eBooks are future, no doubt about that but I would like to see some input(like graphic tablet on PC)/display devices with e-ink displays that costs like 250$ or less. Ye I know, I’m dreaming 🙂

        Not to be a hypocrite, while I was writing this realized that in last couple of months I read more eBooks than hard copy books. I can always blame it on the Internet based business focus 🙂

        • Sunil says:

          guys I couldn’t help but to add my two cents. I am big on getting author autographs on books and that was one of my concerns with ebooks. but guess what? there are companies now that have technology you can purchase to enable digital signatures on ebooks. I am not saying this is better or worst than the old pen and paper way. just real neat innovation in my opinion…

  6. Vedran says:

    this post really pushed some of my misconceptions, thnx. And thank you for pointing that your fourth language was English because that was my biggest barrier for not doing (eBook).

    Just to point out that people I talk to who have wonderful ideas have the same problem poping out all over again. And that is “I’m not good enough” or “I don’t know how”. It is good to have this kind of “intro” posts before going onto more technical staff because it gives purpose to many people who are too shy to ask something like this openly (some of my clients).

    To answer a question, only “barrier” left for me is best practices automation of publishing and monetizing.


    • Sunil says:

      good to see you at the blog Vedran. it’s amazing how we let our self limiting beliefs prevent us from achieving success. feel free to ask any and all questions – would be happy to address them.

      and yes, get that ebook launched and automated!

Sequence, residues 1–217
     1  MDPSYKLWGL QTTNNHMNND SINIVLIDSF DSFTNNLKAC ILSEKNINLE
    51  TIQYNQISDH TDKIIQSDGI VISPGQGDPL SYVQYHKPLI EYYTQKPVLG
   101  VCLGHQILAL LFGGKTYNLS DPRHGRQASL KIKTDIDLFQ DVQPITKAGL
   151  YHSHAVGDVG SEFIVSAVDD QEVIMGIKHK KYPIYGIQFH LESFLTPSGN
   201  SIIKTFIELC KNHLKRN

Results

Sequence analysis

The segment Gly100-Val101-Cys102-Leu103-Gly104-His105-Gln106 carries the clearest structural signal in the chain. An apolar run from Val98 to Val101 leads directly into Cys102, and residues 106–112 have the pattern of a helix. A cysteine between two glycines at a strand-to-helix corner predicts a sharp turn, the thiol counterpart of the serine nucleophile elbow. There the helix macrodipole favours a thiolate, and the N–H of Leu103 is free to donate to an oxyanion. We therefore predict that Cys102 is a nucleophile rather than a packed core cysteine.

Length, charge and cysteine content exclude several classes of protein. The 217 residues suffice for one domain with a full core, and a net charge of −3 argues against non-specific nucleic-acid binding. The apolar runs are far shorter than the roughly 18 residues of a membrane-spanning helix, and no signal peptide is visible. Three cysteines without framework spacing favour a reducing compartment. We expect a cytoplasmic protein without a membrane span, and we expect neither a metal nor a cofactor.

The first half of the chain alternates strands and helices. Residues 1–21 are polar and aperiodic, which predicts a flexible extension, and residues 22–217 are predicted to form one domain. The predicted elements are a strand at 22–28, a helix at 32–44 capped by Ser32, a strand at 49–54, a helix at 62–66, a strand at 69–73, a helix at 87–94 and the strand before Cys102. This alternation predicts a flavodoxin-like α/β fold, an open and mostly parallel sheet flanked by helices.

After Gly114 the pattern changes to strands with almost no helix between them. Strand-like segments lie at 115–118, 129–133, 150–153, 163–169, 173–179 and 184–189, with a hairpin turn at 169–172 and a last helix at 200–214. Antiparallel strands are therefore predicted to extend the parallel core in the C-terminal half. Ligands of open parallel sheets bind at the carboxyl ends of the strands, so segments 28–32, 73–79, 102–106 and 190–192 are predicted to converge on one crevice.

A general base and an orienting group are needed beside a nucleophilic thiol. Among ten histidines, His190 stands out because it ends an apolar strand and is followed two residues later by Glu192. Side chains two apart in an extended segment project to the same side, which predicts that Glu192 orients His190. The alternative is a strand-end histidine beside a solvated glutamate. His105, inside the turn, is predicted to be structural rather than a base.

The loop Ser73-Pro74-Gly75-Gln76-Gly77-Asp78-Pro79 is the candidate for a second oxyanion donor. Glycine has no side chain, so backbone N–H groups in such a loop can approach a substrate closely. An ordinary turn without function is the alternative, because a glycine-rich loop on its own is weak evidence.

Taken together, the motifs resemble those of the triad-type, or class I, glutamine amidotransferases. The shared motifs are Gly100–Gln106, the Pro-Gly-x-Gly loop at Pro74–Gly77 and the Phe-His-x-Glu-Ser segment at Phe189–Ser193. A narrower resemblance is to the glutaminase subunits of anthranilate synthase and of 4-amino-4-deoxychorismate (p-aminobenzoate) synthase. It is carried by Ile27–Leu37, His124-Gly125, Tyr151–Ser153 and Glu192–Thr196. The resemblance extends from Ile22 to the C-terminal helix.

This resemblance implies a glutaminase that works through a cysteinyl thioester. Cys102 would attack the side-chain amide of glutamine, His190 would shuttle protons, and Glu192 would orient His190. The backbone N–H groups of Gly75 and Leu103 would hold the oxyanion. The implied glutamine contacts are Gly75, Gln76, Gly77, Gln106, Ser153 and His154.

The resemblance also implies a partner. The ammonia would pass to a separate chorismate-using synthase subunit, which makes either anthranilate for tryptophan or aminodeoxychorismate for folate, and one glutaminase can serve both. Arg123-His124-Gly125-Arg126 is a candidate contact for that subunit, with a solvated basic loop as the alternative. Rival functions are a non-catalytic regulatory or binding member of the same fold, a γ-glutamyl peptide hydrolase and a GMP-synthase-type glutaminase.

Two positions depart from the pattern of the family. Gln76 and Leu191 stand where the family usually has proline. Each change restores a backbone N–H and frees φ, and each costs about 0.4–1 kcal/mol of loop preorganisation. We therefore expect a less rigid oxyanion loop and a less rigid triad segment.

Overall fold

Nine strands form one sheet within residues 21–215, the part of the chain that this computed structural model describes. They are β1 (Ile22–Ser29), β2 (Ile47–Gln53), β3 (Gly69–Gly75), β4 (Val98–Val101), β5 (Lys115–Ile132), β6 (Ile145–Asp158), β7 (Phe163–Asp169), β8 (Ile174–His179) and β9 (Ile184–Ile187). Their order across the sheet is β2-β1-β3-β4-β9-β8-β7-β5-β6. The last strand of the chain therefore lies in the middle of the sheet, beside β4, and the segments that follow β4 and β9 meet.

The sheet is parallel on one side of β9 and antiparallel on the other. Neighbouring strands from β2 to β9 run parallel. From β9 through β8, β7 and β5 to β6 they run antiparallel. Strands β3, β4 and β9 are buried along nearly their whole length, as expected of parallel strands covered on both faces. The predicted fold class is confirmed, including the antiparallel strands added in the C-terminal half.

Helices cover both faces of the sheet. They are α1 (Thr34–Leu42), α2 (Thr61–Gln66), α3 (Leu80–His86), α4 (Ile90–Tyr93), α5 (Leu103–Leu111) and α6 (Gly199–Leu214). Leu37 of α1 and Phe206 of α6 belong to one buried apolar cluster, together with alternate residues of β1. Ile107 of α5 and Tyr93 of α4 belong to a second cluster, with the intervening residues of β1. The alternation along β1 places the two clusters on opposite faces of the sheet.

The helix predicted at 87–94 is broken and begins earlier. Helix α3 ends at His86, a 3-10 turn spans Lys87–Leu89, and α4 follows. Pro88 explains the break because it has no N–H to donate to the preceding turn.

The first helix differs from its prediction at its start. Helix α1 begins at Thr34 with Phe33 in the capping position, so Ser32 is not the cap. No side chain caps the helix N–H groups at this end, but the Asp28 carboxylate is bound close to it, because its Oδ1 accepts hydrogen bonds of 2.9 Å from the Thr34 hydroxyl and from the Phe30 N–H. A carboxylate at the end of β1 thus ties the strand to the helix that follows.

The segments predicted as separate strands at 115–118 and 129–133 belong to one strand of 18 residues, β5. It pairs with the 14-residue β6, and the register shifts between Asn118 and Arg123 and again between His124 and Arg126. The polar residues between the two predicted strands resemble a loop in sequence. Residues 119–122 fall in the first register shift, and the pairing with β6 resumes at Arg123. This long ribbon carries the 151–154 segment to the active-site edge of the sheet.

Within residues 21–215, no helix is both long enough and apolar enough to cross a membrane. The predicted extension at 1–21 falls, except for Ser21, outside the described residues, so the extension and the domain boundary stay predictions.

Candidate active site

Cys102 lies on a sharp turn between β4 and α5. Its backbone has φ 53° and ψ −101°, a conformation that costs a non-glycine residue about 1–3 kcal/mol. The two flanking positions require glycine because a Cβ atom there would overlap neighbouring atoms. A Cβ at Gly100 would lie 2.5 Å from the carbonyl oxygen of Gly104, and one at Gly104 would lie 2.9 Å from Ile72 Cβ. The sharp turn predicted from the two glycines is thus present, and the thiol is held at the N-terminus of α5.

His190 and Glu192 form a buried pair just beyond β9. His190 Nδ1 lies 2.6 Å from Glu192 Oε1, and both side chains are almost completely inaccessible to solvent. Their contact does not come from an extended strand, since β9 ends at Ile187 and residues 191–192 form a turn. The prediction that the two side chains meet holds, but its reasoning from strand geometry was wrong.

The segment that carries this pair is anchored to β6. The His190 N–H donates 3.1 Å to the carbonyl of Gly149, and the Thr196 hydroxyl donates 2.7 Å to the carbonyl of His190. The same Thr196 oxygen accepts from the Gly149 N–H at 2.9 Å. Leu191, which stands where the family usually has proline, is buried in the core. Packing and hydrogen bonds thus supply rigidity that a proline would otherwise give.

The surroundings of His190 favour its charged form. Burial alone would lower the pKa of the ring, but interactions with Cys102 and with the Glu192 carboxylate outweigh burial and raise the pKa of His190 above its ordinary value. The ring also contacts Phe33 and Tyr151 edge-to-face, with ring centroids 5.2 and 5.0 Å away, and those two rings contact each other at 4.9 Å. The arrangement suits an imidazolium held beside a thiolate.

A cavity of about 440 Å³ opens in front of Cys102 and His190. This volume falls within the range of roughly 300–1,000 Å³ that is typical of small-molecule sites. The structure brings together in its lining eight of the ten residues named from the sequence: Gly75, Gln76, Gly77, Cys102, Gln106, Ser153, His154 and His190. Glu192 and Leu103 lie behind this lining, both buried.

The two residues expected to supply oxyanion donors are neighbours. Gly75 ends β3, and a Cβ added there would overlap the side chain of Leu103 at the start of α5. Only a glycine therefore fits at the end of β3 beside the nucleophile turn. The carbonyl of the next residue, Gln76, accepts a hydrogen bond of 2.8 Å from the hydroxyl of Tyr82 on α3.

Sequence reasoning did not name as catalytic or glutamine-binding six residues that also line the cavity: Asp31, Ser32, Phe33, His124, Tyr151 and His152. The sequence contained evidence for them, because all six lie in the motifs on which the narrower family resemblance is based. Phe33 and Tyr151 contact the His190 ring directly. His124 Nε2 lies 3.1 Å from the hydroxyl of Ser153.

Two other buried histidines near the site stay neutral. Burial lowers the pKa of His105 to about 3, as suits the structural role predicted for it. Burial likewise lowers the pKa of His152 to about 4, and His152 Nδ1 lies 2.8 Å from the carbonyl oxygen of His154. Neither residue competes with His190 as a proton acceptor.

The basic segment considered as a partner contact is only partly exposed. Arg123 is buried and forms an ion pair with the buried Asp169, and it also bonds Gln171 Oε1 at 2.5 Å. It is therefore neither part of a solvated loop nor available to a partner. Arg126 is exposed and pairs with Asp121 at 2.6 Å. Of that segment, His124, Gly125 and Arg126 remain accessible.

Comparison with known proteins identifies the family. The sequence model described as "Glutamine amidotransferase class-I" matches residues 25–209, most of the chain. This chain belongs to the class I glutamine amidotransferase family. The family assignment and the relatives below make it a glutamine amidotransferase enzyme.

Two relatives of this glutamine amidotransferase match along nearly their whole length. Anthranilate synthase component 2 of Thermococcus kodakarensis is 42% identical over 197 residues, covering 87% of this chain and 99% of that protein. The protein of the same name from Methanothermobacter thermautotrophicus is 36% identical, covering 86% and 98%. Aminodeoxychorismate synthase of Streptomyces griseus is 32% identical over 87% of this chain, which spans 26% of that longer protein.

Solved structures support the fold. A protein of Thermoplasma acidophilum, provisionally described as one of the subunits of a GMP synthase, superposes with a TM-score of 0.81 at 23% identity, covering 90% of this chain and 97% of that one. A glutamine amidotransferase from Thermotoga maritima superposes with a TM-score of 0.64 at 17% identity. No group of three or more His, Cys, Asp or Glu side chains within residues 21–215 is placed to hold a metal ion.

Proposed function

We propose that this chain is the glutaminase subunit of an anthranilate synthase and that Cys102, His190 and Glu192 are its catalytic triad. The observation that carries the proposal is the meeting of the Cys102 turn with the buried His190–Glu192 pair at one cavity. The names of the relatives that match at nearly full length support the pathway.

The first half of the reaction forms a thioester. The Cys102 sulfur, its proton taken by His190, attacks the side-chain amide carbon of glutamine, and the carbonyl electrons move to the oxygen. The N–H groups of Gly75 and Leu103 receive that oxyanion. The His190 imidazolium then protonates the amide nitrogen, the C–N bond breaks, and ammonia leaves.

7. I’m really considering experimenting with kindle. I heard that having a series of books can be very successful on the kindle platform as they can be sold individually or as a package.

    Defiantly something I want to try out when I progress further with my other projects.

    I will be coming back here for more information when it’s time 🙂

    • Sunil says:

      good to see you here Ramy. I have several books on Kindle selling very well, and yes you are correct in your understanding. let me know how I can help you as you get closer to executing.

  8. Thanks for such an interesting view of eBooks compared to ink on paper books (and on-demand printing, to boot). You definitely helped me have a better sense of what is involved in all three methods of publishing books, even moreso than I would have thought to ask on my own. Definitely good food for thought.

    P.S. You speak four languages? That’s pretty darn impressive.

  9. Lansford Hibbert says:

    This is good stuff Sunil, really food for thought . I now have a better understanding on ebooks even though i would rather outsource it . Not very good at writing really but it is worth a try . Thanks again i will be coming back . Keep up the good work in helping us .